Rackard’s of Killanne gets provisional thumbs up by judge as plans for reopening move a step closer

Rackard's of Killanne.

Singer Anthony Kearns is listed as one of the company directors behind the rejuvenation of Rackard's of Killane.

Wexford People

Plans to revive a famous watering hole were given provisional thumbs up by Judge James McCourt sitting at the Circuit Court in Wexford.

The court dealt with an application from Killanne Regeneration Limited, which trades under the name Rackard’s of Killanne.

The firm was represented in the witness box by local businessman Michael Mooney.

Also present was fellow company director Tom Foley.

However, the company’s third director, singer Anthony Kearns who has a home in Florida, did not attend.

Proceedings related to an application pending to revive the publican’s licence at the premises beside the main road junction in Killanne.

Barrister Constance Cassidy reckoned that the structure, including function room, had been derelict for the past 11 years.

It was once the home of John Kelly, the famous 1798 rebel, and was acquired by the Rackard family in 1904, counsel noted.

She said that her clients, who purchased the place a year ago, had been carrying out work to revive the property.

This included re-roofing, re-flooring and re-wiring as well as plumbing.

The judge was told by engineer Donal O’Keeffe that this work was well under way but not yet complete.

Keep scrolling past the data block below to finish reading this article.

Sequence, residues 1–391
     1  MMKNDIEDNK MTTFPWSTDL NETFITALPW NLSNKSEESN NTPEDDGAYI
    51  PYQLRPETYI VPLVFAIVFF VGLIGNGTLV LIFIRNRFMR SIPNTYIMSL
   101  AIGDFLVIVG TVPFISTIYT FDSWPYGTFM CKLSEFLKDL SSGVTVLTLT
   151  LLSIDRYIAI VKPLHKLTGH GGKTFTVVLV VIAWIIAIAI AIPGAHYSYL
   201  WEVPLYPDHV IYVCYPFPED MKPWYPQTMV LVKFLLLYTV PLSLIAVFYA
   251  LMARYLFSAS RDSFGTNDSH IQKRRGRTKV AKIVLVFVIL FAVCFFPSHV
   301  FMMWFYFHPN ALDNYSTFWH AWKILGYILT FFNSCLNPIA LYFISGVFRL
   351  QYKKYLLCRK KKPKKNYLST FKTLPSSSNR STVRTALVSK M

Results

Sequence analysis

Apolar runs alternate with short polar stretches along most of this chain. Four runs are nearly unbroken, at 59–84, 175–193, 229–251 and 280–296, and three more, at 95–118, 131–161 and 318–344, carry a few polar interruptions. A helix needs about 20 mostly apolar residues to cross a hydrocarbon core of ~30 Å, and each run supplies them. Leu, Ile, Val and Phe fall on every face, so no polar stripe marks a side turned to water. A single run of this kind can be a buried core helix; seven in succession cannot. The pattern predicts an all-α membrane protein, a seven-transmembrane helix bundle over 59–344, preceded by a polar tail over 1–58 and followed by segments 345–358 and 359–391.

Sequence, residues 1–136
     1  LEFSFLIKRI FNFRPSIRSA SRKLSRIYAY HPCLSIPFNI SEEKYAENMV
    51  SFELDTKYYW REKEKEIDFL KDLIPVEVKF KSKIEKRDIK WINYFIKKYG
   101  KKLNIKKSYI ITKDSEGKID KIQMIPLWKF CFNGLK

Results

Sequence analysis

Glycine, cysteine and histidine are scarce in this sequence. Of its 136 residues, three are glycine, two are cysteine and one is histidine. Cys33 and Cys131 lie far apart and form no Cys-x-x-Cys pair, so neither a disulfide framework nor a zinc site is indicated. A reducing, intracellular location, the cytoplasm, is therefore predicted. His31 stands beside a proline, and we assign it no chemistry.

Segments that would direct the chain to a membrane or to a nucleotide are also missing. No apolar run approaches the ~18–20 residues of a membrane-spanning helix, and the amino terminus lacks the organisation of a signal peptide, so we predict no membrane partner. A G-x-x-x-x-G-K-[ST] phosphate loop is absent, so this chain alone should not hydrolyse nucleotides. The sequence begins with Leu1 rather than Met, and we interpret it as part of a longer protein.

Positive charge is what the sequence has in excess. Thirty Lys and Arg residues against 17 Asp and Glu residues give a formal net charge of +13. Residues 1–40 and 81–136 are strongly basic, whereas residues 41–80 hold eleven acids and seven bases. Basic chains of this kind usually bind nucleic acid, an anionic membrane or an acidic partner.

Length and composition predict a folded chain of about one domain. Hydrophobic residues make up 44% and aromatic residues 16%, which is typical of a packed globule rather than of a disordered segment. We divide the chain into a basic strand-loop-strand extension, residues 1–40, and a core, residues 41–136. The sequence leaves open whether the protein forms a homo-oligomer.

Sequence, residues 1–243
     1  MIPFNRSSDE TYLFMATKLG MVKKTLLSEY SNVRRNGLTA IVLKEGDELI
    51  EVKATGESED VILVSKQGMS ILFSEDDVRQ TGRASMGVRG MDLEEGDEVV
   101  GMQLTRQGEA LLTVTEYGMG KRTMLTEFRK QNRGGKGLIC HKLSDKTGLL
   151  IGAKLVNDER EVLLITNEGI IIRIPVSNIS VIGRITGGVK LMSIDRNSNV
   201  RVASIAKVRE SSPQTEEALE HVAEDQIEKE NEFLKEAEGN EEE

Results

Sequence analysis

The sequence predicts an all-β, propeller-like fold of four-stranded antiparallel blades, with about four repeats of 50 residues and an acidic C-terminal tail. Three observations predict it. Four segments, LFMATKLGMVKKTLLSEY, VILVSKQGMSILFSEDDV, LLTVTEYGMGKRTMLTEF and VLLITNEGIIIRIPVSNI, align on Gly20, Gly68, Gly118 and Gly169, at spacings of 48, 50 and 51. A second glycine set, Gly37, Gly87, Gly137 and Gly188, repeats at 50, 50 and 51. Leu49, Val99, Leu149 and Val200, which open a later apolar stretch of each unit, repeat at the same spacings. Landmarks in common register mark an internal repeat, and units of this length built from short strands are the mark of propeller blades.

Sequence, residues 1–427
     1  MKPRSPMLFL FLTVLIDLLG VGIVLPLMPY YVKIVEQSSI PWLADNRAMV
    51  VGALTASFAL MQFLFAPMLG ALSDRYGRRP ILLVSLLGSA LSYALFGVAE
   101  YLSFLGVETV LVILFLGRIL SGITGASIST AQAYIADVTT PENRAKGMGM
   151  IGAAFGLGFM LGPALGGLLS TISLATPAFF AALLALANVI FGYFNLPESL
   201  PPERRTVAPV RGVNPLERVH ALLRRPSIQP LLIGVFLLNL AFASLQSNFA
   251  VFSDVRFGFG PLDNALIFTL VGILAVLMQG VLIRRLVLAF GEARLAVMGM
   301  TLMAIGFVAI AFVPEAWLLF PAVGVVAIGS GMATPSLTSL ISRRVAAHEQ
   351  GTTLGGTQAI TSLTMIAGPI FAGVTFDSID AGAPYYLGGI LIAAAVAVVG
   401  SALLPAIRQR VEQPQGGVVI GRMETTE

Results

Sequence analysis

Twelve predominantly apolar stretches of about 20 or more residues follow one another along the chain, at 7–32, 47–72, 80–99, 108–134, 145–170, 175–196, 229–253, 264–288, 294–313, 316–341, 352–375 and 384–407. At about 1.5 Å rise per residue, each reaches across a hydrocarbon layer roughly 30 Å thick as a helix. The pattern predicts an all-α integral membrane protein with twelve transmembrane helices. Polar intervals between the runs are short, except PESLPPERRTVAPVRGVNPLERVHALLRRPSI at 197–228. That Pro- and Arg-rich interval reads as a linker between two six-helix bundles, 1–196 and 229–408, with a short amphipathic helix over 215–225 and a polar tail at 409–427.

Michael Mooney was called to tell how he became interested in the project because he grew up in Killanne.

He remembered going into the pub after matches and said he knew the late Bobby Rackard well.

Since the doors closed more than a decade ago, there was nowhere to go after funerals and other events, he observed.

He offered to sing a verse of ‘Kelly, the Boy from Killanne’ but Judge McCourt did not feel this was necessary.

A lot of money had already been invested in the historic structure and the intention was to cater for mountain walkers as well as local customers.

The judge noted that no objections had been raised to the project and he wished the applicants well.

He granted a declaratory order suggesting that the premises will be fit in due course to merit a full seven day pub licence.

‘You have a lot of work to do,’ he remarked before adjourning further applications to October.

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